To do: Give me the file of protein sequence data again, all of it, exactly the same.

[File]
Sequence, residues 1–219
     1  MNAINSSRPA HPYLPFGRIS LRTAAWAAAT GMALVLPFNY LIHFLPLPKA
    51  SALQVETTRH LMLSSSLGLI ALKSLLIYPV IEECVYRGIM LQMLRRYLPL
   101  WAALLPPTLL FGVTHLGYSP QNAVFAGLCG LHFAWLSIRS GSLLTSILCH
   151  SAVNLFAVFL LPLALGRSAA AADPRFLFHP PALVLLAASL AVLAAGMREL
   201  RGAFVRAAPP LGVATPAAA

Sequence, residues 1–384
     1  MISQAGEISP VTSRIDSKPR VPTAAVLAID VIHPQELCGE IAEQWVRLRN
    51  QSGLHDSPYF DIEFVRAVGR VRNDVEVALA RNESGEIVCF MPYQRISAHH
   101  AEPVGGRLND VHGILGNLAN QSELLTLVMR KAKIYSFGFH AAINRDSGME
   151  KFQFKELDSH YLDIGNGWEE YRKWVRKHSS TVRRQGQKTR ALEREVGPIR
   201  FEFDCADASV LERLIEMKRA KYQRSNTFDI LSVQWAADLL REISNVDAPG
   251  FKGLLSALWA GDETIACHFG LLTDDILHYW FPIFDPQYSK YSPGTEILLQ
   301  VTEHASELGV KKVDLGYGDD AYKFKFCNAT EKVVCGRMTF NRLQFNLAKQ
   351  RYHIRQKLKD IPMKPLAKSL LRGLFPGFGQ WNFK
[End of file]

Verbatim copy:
Sequence, residues 1–219
     1  MNAINSSRPA HPYLPFGRIS LRTAAWAAAT GMALVLPFNY LIHFLPLPKA
    51  SALQVETTRH LMLSSSLGLI ALKSLLIYPV IEECVYRGIM LQMLRRYLPL
   101  WAALLPPTLL FGVTHLGYSP QNAVFAGLCG LHFAWLSIRS GSLLTSILCH
   151  SAVNLFAVFL LPLALGRSAA AADPRFLFHP PALVLLAASL AVLAAGMREL
   201  RGAFVRAAPP LGVATPAAA

Sequence, residues 1–384
     1  MISQAGEISP VTSRIDSKPR VPTAAVLAID VIHPQELCGE IAEQWVRLRN
    51  QSGLHDSPYF DIEFVRAVGR VRNDVEVALA RNESGEIVCF MPYQRISAHH
   101  AEPVGGRLND VHGILGNLAN QSELLTLVMR KAKIYSFGFH AAINRDSGME
   151  KFQFKELDSH YLDIGNGWEE YRKWVRKHSS TVRRQGQKTR ALEREVGPIR
   201  FEFDCADASV LERLIEMKRA KYQRSNTFDI LSVQWAADLL REISNVDAPG
   251  FKGLLSALWA GDETIACHFG LLTDDILHYW FPIFDPQYSK YSPGTEILLQ
   301  VTEHASELGV KKVDLGYGDD AYKFKFCNAT EKVVCGRMTF NRLQFNLAKQ
   351  RYHIRQKLKD IPMKPLAKSL LRGLFPGFGQ WNFK